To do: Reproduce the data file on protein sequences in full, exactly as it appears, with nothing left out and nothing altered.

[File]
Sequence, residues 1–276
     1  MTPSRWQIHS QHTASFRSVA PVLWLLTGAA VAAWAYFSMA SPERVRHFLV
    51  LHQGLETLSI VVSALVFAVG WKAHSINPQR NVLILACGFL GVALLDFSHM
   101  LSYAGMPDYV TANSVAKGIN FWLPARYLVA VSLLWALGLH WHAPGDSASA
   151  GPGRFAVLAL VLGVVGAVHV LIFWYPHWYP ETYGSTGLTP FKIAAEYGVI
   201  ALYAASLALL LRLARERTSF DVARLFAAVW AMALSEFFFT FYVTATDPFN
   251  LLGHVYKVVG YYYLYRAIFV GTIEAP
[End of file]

Sequence, residues 1–276
     1  MTPSRWQIHS QHTASFRSVA PVLWLLTGAA VAAWAYFSMA SPERVRHFLV
    51  LHQGLETLSI VVSALVFAVG WKAHSINPQR NVLILACGFL GVALLDFSHM
   101  LSYAGMPDYV TANSVAKGIN FWLPARYLVA VSLLWALGLH WHAPGDSASA
   151  GPGRFAVLAL VLGVVGAVHV LIFWYPHWYP ETYGSTGLTP FKIAAEYGVI
   201  ALYAASLALL LRLARERTSF DVARLFAAVW AMALSEFFFT FYVTATDPFN
   251  LLGHVYKVVG YYYLYRAIFV GTIEAP